Question #2 is a fail for the General Assembly and Virginia. If the members were sincere in their concern for disabled veterans, they would have ponied up the funding required to offset the revenue losses at the local level. Most localities have already done the right thing; the GA hasn’t.
Ballot Question #1, much the initiative of Senator George Barker (D-39th), clarifies ambiguity in constitutional wording regarding property tax exemptions. Currently the standard for relief is an “extraordinary tax burden” and essentially leaves it to the General Assembly to define that measure. But the conditions for relief are better defined at the local level. Differences between localities are significant. This amendment essentially sanctions established local standards. The local standards include disabled veterans and generally have equitable exemptions in place.
“City and county governments welcome the flexibility to make those determinations if the amendment passes…Right now, it’s dictated by state law. These city and county governments are closest to it and much better able to make that judgment than 140 people sitting in Richmond.” – Neal Menkes of the Virginia Municipal League
On the surface, standards are surprisingly at variance. The City of Virginia Beach uses an annual household income of $63,450 and assets (excluding residence) of $350,000 for exemption limitations, while Augusta County’s standard is $32,000 and $75,000 respectively on much lower assessments and tax rates.
Ballot Question #2 would provide a blanket exemption from property taxes for all 100% disabled veterans. A generous gift by state legislators for which they neither have to pay nor account. Not a single member of the legislature could muster the courage to oppose this unnecessary initiative.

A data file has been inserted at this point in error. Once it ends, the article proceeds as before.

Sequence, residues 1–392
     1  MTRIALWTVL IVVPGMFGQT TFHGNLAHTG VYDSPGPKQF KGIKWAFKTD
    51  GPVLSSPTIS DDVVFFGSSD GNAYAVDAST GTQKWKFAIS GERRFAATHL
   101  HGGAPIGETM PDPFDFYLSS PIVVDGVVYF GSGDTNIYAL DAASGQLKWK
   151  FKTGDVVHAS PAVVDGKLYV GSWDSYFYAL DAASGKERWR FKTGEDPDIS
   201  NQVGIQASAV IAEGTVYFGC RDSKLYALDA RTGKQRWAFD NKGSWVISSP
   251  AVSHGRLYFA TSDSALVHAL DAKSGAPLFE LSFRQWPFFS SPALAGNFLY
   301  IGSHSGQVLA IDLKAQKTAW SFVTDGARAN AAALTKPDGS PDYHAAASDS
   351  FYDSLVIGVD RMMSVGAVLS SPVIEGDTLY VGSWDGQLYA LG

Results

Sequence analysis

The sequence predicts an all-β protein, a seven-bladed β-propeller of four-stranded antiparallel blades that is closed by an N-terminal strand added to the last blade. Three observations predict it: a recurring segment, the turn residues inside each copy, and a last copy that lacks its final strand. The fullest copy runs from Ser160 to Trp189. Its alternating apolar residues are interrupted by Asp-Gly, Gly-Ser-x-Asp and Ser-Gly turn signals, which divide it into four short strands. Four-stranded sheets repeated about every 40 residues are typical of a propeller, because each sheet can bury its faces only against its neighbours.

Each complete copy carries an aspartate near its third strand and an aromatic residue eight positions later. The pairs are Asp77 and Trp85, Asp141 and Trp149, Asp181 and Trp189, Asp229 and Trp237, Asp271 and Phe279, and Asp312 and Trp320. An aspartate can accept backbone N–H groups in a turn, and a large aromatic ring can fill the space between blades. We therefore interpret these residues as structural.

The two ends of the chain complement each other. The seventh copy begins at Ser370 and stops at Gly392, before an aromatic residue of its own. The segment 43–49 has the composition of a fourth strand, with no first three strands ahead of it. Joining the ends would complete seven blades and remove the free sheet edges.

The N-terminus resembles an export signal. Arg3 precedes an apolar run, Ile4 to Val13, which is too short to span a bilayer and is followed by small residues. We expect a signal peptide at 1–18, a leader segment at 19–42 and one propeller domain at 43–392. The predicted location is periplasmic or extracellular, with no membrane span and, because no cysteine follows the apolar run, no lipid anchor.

“Paul Galanti, state commissioner of the Department of Veterans Services, notes the second measure passed the required two consecutive General Assembly sessions without opposition.” – reported in The News Leader
But the The Daily Press reports local governments opposed the veterans’ amendment, another potential drain on city and county treasuries already strained by cuts in state funding and declines in collections of real estate taxes since the housing market collapsed in 2007.
“Rewards for military service are more proper for federal or even state governments. There’s no logical nexus between local taxes and the sacrifices veterans made. No city or county ever voted to send anyone off to war. If the state wanted to do something for veterans, it should do it with its own resources.” – Neal Menkes
There are three Virginia constitutional amendments on the ballot tomorrow. Two of them concern property taxes: one specifically designed to clarify localities’ authority to tax equitably; the other usurps local authority and applies a broad brush under the guise of protecting disabled veterans. One is even-handed; the other is pandering. One was set in motion by the genuine concern for clarity and equity; the other, a me-too initiative. Question #2 does nothing to improve the lot of disabled veterans who merit tax relief. It does allow legislators to pander to the military while avoiding the more difficult questions about why military members are becoming disabled while fighting unconstitutional wars.